Why Healing Your Inner Child is Crucial to Parenting
You can feel the burning sensation of frustration in your head, the scream you are trying to hold back in your throat, your fists are tight, and you feel like you want to stomp your feet and cry hot tears, just like your little one tantrum-ing in front of you (for the 10th time today). You can no longer hold back, you explode and yell or throw up your hands and shut down. Later, the guilt of that hard moment sets in and you spend the rest of the day shaming yourself for being a bad mom. Sound familiar?
Do you ever feel out of control with your feelings? Do you just react to the situation and feel bad later or wonder "where did that come from?" This is a part of parenthood we tend to not speak about, pretend it isn't there, or shame others or ourselves for not "keeping it together."
When we lose control of our emotions, it is usually because of two things:
1. Our basic needs (food, rest, shelter) are not being met.
2. Your inner child (tiny you) is running the show, not your adult self.
Both are important but this post is about the work you might have to do with the little one inside.
We all have parts of ourselves; we are not just one singular entity. No, I am not talking about multiple personalities, although it can feel like that sometimes. What I am talking about are the fractioned parts of our psyche that come out when we are in certain situations or life roles. For example, do you show up differently in your partnership as opposed to how you show up as a parent? Alternatively, do you notice a difference in your personality when you are around your family of origin versus your friends or co-workers? Most of these parts are very functional and integrated into your personality. Some parts, however, have emotional wounds that are unresolved and get in the way of functioning. These parts of you, often younger and less developed, require healing to become integrated into your personality and how you show up everyday.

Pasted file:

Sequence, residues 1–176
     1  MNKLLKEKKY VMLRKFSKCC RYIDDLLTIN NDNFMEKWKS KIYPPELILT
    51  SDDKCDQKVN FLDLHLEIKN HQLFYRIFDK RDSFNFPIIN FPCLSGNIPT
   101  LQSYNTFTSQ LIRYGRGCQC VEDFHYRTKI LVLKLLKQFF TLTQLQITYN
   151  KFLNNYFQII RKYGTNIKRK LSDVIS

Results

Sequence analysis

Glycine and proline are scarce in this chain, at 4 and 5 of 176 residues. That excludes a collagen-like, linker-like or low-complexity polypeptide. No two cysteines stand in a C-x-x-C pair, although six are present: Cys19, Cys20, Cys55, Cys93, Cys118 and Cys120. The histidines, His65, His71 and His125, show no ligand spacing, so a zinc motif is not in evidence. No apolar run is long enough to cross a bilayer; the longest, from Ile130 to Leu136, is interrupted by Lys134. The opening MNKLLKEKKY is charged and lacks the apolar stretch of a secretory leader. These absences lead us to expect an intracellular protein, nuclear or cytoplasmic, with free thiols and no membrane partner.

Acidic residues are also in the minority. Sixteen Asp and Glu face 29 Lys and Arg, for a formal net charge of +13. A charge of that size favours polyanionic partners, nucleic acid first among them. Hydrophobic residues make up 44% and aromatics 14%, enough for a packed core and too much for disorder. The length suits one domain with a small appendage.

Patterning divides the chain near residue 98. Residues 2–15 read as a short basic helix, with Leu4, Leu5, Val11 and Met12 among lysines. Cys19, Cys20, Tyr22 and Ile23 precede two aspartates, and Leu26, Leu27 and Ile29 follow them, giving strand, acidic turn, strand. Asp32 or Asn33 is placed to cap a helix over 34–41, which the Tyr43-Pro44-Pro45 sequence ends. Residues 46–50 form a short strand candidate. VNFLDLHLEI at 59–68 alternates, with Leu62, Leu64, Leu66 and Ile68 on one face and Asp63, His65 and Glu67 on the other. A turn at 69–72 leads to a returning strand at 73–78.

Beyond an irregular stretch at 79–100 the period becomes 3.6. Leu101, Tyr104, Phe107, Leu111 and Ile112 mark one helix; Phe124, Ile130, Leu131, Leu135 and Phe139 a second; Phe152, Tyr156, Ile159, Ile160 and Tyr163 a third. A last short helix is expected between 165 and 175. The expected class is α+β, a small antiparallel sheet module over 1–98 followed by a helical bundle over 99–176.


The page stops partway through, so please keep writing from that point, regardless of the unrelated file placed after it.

When these un-healed parts are triggered, the reaction you experience is often disproportionate to the situation at hand. The feelings described above are maybe just a small description of what actually happens for you. Before we have awareness and supervision of these precious parts of self, we experience times where a behavior your child does sends you into an emotional ball of fire and you react based on your dysregulated feelings.
At no other time in life is the opportunity greater to heal than in motherhood. Until now, you may have been able to ignore tiny-you. When you become a mother, you now have the tiny version of you that needs healing out in front of you to see (hint: it's your kiddo). This can bring up all kinds of uncomfortable feelings that will remain uncomfortable until you make some space to heal.